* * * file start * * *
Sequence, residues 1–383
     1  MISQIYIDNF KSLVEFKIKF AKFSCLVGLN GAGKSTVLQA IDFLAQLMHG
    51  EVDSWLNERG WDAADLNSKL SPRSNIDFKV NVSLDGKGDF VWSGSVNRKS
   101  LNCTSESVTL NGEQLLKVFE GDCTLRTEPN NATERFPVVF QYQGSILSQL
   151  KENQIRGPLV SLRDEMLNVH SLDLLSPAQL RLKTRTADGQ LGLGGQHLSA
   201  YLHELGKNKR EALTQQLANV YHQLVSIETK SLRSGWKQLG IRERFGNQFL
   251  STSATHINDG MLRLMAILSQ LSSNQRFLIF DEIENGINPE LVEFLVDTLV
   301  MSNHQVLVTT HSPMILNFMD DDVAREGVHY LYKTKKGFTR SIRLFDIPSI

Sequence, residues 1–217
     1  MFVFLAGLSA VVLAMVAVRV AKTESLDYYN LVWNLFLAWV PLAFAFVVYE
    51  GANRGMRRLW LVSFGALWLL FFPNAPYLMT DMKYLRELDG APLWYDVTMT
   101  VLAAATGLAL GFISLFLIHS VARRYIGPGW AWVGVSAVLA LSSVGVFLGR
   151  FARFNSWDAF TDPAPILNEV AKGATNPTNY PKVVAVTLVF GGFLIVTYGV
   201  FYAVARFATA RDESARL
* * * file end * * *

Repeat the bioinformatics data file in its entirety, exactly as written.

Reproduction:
Sequence, residues 1–383
     1  MISQIYIDNF KSLVEFKIKF AKFSCLVGLN GAGKSTVLQA IDFLAQLMHG
    51  EVDSWLNERG WDAADLNSKL SPRSNIDFKV NVSLDGKGDF VWSGSVNRKS
   101  LNCTSESVTL NGEQLLKVFE GDCTLRTEPN NATERFPVVF QYQGSILSQL
   151  KENQIRGPLV SLRDEMLNVH SLDLLSPAQL RLKTRTADGQ LGLGGQHLSA
   201  YLHELGKNKR EALTQQLANV YHQLVSIETK SLRSGWKQLG IRERFGNQFL
   251  STSATHINDG MLRLMAILSQ LSSNQRFLIF DEIENGINPE LVEFLVDTLV
   301  MSNHQVLVTT HSPMILNFMD DDVAREGVHY LYKTKKGFTR SIRLFDIPSI

Sequence, residues 1–217
     1  MFVFLAGLSA VVLAMVAVRV AKTESLDYYN LVWNLFLAWV PLAFAFVVYE
    51  GANRGMRRLW LVSFGALWLL FFPNAPYLMT DMKYLRELDG APLWYDVTMT
   101  VLAAATGLAL GFISLFLIHS VARRYIGPGW AWVGVSAVLA LSSVGVFLGR
   151  FARFNSWDAF TDPAPILNEV AKGATNPTNY PKVVAVTLVF GGFLIVTYGV
   201  FYAVARFATA RDESARL